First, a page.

Everywhere was a riot of colour - and it made me want to go also to his current exhibition at the American Museum in Bath (running I believe, until the beginning of November ... there's something textile to look forward to ...

Friday, 18 July 2014

A holiday and back to front and violet

Stitching and blogging have been eclipsed recently for me by family and holidays and other pleasures and I doubt it will change much till the middle of September. Still that means lots to look forward to ... and it's a good life!

Meanwhile then, as my contribution to the latest Roy G Biv rainbow challenge, I'm posting a different take on some recent stitch work and a small holiday offering . 

First of all, comes that stitching. I often think that the back of work is as interesting as the front. For me, it's something about the record of the journey, its evolution, the start and the finish and all the effort and thought in between. 

This back view, fortunately for now, has violet (or purple, its more intense cousin) along with the black and the white. You may remember that I posted a photo of the front here.
Then, there is a quite different offering coming from all that holidaying, a photo of Quimperlé in western France taken recently with my daughter and her lovely family and with lucky hints of violet in the flower planting.

I'm not sure when I'll next post ... it's not easy in Scotland, my next port of call ... but I'll be looking out for pink, ready for the August challenge!

Monday, 14 July 2014

Gaugin and grandchildren

We've returned now after a lovely week in Brittany with the family - weather slightly dodgy but we played and talked lots with the grandchildren and spent time on the beach building the promised sand castles and seeking out shells and sea creatures - time with a very special quality.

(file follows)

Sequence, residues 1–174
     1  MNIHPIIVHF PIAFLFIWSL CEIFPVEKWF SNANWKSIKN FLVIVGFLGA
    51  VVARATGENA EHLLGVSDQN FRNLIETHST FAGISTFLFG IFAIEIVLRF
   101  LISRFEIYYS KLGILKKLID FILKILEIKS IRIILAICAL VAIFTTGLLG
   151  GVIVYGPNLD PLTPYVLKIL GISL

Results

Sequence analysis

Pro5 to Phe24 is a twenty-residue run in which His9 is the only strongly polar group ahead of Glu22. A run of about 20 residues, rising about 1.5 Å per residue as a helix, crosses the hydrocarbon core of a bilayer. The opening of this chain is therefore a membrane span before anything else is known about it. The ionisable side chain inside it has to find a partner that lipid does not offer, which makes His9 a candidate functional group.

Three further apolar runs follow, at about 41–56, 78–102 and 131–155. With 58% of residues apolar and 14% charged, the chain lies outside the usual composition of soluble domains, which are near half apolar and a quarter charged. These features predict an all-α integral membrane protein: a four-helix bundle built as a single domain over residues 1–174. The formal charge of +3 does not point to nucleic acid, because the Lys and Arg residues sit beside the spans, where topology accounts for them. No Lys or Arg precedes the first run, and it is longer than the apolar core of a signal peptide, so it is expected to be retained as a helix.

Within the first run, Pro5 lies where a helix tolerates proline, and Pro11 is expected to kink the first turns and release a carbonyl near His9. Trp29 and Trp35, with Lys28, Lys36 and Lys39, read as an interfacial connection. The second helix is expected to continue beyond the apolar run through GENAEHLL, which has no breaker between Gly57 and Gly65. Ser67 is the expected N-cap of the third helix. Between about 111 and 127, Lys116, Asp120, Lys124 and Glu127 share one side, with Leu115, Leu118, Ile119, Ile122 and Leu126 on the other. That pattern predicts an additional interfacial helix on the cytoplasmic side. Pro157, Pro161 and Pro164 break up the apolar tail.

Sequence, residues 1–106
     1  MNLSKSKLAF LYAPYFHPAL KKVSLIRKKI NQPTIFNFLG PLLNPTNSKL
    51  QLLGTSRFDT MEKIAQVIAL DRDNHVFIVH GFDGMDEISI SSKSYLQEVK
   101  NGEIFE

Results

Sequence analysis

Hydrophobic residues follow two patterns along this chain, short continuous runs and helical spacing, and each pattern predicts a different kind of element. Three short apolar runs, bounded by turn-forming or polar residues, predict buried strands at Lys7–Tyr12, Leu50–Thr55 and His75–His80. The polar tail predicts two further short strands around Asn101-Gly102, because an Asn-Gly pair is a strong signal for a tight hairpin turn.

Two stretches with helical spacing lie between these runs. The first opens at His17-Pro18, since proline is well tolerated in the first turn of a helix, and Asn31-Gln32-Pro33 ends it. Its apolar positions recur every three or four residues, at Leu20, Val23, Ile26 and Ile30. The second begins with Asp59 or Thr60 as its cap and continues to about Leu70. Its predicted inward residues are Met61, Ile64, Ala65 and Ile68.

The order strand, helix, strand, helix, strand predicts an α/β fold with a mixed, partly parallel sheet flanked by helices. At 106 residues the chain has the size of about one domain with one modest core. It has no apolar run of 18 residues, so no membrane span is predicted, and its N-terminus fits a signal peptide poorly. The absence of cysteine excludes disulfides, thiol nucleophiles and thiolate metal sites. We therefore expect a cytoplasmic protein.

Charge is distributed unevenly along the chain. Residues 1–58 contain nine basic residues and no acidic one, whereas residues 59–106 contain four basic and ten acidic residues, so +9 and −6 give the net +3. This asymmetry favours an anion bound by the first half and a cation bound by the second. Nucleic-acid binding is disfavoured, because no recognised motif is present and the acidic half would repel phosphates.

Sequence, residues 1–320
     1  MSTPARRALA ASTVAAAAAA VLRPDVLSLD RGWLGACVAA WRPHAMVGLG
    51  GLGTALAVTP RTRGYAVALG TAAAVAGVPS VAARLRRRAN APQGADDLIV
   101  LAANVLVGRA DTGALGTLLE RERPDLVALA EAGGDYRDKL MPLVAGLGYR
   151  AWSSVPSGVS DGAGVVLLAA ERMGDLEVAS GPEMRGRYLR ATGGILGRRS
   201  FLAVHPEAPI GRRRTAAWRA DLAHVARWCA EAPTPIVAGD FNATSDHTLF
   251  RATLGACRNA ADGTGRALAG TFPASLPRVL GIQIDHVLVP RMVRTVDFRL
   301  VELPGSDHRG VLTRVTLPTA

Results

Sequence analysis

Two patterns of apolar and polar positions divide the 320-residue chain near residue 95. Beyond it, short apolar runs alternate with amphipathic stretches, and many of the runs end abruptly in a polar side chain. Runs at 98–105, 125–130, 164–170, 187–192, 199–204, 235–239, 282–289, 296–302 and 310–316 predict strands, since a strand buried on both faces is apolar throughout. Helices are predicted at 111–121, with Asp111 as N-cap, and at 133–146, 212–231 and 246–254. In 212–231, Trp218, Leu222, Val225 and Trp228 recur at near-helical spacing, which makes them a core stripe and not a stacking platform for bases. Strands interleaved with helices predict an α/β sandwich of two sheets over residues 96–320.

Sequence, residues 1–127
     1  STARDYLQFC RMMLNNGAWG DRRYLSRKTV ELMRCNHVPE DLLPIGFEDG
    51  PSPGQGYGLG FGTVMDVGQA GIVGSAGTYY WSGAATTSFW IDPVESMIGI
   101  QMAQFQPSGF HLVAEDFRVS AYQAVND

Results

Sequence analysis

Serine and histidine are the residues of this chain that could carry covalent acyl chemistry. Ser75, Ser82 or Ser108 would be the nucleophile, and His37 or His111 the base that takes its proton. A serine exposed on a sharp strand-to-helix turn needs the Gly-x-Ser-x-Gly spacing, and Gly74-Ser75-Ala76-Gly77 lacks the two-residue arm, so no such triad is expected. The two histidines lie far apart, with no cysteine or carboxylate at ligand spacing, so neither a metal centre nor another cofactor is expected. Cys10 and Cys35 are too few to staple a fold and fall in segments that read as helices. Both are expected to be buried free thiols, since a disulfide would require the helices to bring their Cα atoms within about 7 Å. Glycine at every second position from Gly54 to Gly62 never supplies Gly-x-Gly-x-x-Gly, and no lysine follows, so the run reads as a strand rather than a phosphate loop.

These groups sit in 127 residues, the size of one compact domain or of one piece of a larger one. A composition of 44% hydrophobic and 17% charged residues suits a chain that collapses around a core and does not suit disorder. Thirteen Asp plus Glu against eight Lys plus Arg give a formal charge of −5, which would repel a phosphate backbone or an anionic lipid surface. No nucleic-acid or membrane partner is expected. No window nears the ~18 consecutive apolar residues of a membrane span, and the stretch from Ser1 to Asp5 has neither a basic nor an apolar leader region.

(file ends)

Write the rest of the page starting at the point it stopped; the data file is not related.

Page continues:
We stayed in the pretty little village of Le Pouldu in South Finistère, popular at the end of the 19th century with Gaugin and his circle of artists. He stayed in the village intermittently for about 18 months from the autumn of 1889, having come there from Pont Aven in search of a simpler life and cheaper lodgings.

There is now an excellent little museum that's been set up in the house where he stayed in the village. It has been cleverly assembled on a small budget with simple furniture of the period and reproductions of his work on the walls. There was also a tape playing throughout the house (at times slightly spookily) to capture the atmosphere of the times.

The museum details Gaugin's life there - including the room where he painted looking out over the garden with its northern light. He worked in that room before he left for Tahiti in 1891 and the work he completed in Le Pouldu was intensely colourful and increasingly influenced by the folk and primitive art that was to inspire his later work.

He and the other members of the group pioneered the new Synthetism. This style emphasized two dimensional flat patterns where the purity of line, colour and form were paramount. Perspective was distorted and images were simplified.

More details and commentary on Gaugin's work can be found on The National Gallery and The Tate websites and, of course, by entering his name into Google.

This was a fascinating visit - Synthetism was a new concept for me. Somehow it hadn't figured in my brief study of art history. In the simplification of images and the emphasis of pattern, I felt a definite affinity. I will pursue the idea further.